Water leaks

Detecting water leaks on private property

Property owners are responsible for the repair of any leaks in their homes and businesses and private supply pipes (the pipe from the Council water service to the house and out-buildings like garages and sleepouts).

This means that all water that passes through the water meter will become part of your costs.

Leaking toilets, taps and more particularly, leaking underground pipes can waste a lot of water, leading to high water bills. For example, a tap that drips once every second will waste up to 33 litres per day. In comparison, a leaking underground water pipe can waste thousands of litres per day and not be visible.

Checking for leaks regularly and repairing them quickly is a simple way to save water and money.

Checking for leaks

Household water leaks usually come in two forms, slow or large. A slow leak could be from a fixture – toilet, shower or tap. A large leak could be from the hot water cylinder or leaking pipes.

To check for leaks, please follow these steps:

  1. Turn off all taps and water using appliances in and around your premises.
  2. Check your water meter and take a meter reading. If the dials on your water meter are moving there could be a leak. If there is no movement on the dials, there may still be a slow leak.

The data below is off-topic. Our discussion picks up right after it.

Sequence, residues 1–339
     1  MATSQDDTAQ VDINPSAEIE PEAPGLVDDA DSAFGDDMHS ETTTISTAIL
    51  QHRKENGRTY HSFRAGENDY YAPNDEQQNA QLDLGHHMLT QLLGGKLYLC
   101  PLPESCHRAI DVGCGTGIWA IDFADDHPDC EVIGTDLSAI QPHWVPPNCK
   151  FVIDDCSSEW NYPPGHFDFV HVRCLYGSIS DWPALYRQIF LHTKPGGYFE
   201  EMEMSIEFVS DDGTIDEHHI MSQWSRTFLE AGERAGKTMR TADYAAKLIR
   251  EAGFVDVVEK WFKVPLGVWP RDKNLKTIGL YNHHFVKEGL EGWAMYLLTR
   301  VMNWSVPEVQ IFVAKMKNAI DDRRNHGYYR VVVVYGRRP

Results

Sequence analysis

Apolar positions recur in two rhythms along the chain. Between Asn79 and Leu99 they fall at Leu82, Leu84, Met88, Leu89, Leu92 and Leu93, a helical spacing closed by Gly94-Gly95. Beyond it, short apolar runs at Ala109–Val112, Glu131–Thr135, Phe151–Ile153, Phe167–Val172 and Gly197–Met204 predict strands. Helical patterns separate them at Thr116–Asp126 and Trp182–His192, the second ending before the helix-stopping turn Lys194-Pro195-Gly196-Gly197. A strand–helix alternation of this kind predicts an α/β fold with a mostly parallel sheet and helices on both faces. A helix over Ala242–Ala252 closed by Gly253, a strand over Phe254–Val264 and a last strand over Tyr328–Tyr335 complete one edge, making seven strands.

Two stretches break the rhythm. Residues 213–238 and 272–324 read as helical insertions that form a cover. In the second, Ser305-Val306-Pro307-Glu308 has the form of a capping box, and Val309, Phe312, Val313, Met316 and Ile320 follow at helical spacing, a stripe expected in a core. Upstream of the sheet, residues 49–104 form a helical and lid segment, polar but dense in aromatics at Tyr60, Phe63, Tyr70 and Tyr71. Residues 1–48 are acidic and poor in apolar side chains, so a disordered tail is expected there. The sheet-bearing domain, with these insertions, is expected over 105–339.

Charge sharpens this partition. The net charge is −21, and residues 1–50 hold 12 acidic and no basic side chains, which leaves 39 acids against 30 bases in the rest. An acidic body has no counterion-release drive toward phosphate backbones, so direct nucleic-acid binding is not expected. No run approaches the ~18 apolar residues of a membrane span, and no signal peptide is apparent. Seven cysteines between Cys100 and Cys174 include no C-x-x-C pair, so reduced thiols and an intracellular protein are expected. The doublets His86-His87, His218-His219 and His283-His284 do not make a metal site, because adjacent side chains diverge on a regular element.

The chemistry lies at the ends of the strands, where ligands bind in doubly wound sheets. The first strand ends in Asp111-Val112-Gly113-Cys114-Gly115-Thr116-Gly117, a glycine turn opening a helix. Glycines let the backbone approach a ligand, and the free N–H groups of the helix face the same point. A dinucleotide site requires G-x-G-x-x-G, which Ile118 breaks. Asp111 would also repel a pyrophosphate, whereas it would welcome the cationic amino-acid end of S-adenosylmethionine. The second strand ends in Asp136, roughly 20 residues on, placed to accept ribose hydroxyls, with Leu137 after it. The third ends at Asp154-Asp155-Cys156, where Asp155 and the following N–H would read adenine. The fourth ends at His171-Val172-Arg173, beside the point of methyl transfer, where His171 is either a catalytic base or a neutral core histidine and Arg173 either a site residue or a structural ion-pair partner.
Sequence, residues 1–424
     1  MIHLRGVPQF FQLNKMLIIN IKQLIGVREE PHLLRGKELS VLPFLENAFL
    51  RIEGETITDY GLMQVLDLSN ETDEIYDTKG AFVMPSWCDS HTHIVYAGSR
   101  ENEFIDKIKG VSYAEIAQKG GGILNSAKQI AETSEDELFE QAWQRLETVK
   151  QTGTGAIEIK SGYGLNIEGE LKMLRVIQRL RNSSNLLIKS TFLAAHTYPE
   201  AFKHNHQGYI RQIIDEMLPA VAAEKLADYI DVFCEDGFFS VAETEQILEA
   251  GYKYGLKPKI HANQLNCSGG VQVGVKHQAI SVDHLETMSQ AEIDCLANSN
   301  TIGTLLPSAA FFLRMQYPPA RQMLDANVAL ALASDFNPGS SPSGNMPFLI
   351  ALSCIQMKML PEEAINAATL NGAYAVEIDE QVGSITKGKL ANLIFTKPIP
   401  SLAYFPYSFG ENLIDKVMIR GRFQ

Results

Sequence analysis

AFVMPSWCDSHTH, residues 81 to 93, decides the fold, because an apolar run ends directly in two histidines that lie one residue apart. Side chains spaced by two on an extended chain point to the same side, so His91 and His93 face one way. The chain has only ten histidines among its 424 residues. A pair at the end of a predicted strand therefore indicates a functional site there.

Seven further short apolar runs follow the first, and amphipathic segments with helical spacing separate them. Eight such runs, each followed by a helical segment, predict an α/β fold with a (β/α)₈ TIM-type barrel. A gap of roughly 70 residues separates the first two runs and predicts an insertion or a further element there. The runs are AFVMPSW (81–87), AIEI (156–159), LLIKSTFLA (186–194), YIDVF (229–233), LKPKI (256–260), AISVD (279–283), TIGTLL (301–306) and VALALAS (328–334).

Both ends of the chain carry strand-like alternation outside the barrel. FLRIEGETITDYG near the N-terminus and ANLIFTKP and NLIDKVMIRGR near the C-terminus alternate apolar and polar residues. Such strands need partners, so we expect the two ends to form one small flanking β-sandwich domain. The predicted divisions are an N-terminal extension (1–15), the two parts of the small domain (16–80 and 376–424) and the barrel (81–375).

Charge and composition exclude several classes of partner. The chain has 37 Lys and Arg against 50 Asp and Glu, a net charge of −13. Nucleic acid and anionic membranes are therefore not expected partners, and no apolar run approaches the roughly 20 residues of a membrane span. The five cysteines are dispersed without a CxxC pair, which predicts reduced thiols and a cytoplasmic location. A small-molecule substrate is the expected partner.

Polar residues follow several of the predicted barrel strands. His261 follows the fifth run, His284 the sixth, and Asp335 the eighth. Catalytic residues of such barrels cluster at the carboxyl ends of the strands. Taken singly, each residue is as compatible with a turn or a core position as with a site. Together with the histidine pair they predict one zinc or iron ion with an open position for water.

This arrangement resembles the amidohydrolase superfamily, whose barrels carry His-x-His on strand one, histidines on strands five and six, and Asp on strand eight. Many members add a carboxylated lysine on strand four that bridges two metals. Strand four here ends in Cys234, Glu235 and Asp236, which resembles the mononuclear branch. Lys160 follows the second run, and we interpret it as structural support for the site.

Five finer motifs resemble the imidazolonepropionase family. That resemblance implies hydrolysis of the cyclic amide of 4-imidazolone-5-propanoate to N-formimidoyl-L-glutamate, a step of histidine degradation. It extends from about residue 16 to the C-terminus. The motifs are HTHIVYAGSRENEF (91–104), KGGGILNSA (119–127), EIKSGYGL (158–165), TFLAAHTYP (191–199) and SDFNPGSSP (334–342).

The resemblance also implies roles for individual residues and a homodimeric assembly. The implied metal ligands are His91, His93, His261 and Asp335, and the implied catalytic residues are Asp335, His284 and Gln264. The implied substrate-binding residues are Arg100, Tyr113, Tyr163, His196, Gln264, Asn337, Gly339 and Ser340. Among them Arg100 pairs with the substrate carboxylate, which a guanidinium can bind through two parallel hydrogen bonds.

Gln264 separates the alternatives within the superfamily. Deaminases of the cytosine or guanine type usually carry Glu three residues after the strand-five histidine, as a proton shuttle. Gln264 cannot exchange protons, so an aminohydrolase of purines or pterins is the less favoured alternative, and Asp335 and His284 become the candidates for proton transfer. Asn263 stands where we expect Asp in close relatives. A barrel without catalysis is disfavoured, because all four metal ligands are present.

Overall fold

3. To check further for leaks, do not use any water for at least one hour, then take another reading. If the meter reading has changed, there may be a slow leak.
  4. To fix the leak, check all fixtures and fittings and/or call a licensed plumber.

Sometimes visual clues can help find the location of a leak outside the building, such as green grass patches when other areas are looking brown.  Inside a building you may see brown spots or mould that could indicate a slow leak inside the walls/roof.  However, if pipes are installed in sandy ground, the leaks can be much harder to detect without appropriate technology for leak detection.

Early leak detection will assist in saving costs for repairs and reduce water loss. As water consumers, we can all play our part in looking for leaks.

Water in your meter

Sometimes you may notice some water in your water meter. Condensation does occur inside the plastic box, but this doesn’t necessarily mean there’s a leak. There may be a leak if water at the bottom of the box is over a centimetre, and its moving. Contact Council if you’re concerned.


Water leaks on public land

To report a water leak on public land, e.g. a burst water main, please call (02) 6340 2070 during business hours.

For after hours emergencies, including water/sewer breaks, please call 0419 219 231.